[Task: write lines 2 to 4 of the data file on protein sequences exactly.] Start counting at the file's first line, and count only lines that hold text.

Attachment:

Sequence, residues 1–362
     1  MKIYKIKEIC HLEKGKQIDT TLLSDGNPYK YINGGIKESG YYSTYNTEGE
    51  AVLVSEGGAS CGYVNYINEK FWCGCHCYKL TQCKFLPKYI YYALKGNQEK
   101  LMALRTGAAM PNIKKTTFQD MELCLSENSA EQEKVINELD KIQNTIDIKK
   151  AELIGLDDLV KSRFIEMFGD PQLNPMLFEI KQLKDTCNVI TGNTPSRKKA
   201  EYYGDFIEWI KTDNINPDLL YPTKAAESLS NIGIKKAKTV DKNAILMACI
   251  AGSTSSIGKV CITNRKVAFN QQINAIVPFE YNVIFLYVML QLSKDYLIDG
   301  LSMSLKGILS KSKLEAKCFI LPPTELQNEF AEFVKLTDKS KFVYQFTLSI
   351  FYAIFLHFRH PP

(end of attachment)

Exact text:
     1  MKIYKIKEIC HLEKGKQIDT TLLSDGNPYK YINGGIKESG YYSTYNTEGE
    51  AVLVSEGGAS CGYVNYINEK FWCGCHCYKL TQCKFLPKYI YYALKGNQEK
   101  LMALRTGAAM PNIKKTTFQD MELCLSENSA EQEKVINELD KIQNTIDIKK